On 1 January 2020 the new Rules of Procedure of the Boards of Appeal will come into force. Key changes include revisions to the admissibility of amendments to a party’s case and the new convergent approach.
What is changing and why?
In general, the scope of any appeal will be limited to a judicial review of the contested decision, with amendments increasingly difficult throughout the appeal process. The intention is that the new rules will help to increase efficiency, harmonisation and predictability while maintaining the quality of decisions issued by the boards.
Appeals are, and always have been, reviews of the contested decision. However, there has been a perceived divergence in the application of the Rules of Procedure between boards in terms of reaction to changes to a party’s case, as well as what constitutes an amendment. The new rules are more prescriptive for certain key aspects of procedure and are intended to bring about a consistent and predictable approach across the boards, particularly with regard to amendments. Under the new rules it will be more difficult for parties to get amendments admitted during the appeal proceedings, with the boards having the discretion not to admit any part of a submission that does not meet the requirements of the new rules.
Under Article 12(1) of these rules, appeals are based on the decision and minutes of the first-instance oral proceedings as well as the notice and grounds of appeal and any reply to the appeal – this is a move away from the previous view that an appeal includes all earlier party submissions. Another key change is that new arguments cannot be introduced at the appeal stage – arguments can be a development of those from first instance, but there should be no change in a party’s case.
However, it will be necessary to await the development of case law to see exactly how the new rules will be implemented, particularly with regard to the changes concerning amendments to a case (eg, to determine fully what constitutes a new argument).
A ‘convergent approach’ has been outlined in Articles 12 and 13, such that amendments to a party’s case after the filing of the grounds of appeal/reply have become increasingly difficult. The onus is now on parties to provide justification and reasons for the amendment with absolute discretion to admit the amendments lying with the boards.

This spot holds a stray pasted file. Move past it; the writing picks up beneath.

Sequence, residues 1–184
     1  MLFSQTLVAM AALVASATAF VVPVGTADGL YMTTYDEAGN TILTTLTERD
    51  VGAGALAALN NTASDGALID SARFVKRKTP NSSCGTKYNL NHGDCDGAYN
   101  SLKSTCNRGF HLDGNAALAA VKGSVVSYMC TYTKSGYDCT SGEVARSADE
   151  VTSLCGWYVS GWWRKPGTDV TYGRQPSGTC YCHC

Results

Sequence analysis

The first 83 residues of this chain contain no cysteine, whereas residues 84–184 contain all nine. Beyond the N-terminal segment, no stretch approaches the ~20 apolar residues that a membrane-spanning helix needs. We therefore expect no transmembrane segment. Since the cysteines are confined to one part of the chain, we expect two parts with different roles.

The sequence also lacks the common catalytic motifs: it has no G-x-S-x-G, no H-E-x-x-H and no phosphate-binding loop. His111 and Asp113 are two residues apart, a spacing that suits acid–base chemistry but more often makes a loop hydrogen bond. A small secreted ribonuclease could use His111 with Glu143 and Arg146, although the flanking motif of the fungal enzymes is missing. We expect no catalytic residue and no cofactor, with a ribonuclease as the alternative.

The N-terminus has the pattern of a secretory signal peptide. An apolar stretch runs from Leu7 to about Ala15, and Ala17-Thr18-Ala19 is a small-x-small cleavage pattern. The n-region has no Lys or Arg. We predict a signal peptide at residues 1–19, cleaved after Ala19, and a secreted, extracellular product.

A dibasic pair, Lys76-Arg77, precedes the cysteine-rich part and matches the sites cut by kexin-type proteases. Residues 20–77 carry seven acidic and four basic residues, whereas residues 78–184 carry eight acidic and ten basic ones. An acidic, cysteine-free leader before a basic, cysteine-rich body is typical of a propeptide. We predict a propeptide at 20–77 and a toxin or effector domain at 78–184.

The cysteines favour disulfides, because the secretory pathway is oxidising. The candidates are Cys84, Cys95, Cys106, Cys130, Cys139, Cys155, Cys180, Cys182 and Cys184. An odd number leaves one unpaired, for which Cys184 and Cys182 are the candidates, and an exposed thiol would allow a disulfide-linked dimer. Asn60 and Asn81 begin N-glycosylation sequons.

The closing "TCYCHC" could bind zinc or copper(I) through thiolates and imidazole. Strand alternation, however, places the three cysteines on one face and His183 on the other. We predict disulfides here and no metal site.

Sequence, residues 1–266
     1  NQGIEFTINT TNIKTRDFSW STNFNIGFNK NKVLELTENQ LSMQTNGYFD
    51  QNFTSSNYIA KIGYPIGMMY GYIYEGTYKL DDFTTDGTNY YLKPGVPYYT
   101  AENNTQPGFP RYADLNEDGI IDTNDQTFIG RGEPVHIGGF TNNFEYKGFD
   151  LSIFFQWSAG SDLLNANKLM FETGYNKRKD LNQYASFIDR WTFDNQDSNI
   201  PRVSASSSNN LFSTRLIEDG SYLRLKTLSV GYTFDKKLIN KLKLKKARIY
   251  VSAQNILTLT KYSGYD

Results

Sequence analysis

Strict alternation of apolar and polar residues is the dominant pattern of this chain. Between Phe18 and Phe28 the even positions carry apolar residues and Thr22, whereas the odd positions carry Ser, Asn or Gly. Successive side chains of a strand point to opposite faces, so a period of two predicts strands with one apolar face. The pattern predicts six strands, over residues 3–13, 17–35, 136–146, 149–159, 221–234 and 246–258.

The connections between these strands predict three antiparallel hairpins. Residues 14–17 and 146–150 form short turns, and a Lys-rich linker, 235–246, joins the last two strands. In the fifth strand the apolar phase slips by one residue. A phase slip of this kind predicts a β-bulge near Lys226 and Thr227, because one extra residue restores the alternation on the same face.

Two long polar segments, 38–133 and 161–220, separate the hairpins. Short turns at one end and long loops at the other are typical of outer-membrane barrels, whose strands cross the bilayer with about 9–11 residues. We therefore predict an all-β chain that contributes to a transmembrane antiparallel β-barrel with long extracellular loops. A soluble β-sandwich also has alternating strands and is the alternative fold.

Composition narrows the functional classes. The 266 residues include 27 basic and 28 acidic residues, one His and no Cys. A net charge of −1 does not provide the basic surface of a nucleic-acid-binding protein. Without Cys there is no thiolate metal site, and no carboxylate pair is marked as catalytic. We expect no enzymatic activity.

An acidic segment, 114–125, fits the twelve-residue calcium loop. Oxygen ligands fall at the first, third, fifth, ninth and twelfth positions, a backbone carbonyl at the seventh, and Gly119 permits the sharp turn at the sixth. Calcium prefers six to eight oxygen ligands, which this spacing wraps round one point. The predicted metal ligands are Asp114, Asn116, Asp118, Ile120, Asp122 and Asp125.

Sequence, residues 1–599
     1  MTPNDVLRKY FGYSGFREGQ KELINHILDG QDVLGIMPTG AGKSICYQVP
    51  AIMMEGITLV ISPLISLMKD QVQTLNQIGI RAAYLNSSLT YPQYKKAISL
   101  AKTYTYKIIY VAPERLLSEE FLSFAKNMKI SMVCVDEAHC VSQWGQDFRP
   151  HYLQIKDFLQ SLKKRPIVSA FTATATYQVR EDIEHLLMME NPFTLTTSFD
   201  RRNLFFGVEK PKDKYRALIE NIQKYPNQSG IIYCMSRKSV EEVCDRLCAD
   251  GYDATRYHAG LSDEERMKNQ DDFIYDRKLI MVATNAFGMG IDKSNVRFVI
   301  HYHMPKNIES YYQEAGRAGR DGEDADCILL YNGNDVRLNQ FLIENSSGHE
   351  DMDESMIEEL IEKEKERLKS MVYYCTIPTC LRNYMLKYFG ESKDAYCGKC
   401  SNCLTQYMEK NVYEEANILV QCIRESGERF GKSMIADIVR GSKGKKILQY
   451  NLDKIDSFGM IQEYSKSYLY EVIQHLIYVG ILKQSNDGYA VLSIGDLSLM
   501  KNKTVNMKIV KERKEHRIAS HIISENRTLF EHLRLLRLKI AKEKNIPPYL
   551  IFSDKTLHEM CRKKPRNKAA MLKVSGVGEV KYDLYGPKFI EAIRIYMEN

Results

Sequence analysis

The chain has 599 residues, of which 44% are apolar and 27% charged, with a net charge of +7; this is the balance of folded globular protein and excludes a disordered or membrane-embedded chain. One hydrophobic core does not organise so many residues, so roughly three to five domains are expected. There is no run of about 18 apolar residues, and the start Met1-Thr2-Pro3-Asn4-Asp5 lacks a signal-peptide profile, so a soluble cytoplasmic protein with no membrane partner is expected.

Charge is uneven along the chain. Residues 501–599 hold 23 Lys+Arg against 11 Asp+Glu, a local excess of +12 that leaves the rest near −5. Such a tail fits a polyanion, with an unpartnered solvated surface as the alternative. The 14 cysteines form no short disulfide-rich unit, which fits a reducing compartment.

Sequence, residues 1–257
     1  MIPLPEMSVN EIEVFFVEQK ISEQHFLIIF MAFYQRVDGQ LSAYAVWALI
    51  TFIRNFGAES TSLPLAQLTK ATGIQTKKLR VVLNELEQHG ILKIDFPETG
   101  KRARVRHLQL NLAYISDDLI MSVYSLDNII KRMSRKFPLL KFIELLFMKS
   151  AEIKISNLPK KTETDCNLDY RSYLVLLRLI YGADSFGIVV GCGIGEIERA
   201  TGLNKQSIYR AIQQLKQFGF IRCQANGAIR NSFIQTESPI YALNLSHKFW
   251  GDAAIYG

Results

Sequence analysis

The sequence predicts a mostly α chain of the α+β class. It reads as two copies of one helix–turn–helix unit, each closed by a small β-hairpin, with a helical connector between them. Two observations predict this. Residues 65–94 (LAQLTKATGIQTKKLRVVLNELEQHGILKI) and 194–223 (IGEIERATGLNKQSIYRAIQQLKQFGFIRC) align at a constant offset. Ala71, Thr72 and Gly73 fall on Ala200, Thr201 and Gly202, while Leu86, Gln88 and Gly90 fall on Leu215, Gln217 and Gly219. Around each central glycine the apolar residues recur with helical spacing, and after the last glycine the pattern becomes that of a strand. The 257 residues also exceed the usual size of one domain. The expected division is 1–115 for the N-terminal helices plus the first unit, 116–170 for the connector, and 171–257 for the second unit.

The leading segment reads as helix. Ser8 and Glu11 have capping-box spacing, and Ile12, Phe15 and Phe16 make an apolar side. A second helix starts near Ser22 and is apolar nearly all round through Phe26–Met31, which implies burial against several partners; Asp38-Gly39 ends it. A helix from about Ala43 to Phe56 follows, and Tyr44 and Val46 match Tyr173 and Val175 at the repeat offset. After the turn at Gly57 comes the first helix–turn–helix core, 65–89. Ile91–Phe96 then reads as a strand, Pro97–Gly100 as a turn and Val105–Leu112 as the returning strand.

Under Article 13(1), discretion is exercised in view of the state of proceedings, the suitability of the amendments to resolve the outstanding issues, the need for procedural economy and, in the case of application/patent amendments, whether these amendments prima facie overcome the issues raised and do not give rise to new objections, among other things. Moreover, after summons to a hearing, amendments will not in principle be taken into account unless there are exceptional circumstances. With many boards issuing a summons approximately a year in advance of the oral proceedings and before providing their preliminary opinion, a party’s ability to amend its case has been severely restricted.
What about the boards?
The boards will publish a list of cases for the coming year (Article 1(2)) to allow better workload planning and alert parties that their case may be heard and/or a decision may be issued (although the list is non-binding and subject to change). Further aspects to help with managing individual cases are being introduced, including the issuance of a compulsory communication prior to the hearing, setting out points of particular significance that parties should be prepared to discuss, which may include a preliminary opinion (Article 15(1)). Connected cases may also be heard directly one after the other to enable efficient handling of similar subject matter.
What effect will the changes have?
Bar two transitional provisions, the new rules will apply to all appeal cases.
The impact of the new rules is likely to stretch back to first-instance proceedings, resulting in the frontloading of the case. Therefore, it will be important to invest fully in cases at first instance to ensure that they are presented as completely as possible with all arguments, evidence, facts and requests on file before the end of the procedure before the examining/opposition division.
In addition, in view of the potential importance of minutes and decisions from first-instance proceedings, these will need to be checked carefully to ensure that they cover all the relevant details discussed at first instance.
At the appeal stage, submissions should expressly specify all requests, facts, objections, arguments and evidence relied upon, being clear and complete at the outset. If an amendment to an appeal case is necessary, then parties must provide thorough reasons for this and justify why it is being filed now, rather than earlier on in the process. And if this amendment happens at an advanced stage in the appeal (ie, after the summons to oral proceedings), the expectation is that any change to the case will be very difficult indeed.
It would be wise to consider the status of pending appeal cases before year end to determine whether amendment of the case may be desirable. Parties adversely affected by a first-instance decision might also consider filing their grounds of appeal (or reply thereto) before the new rules come into force.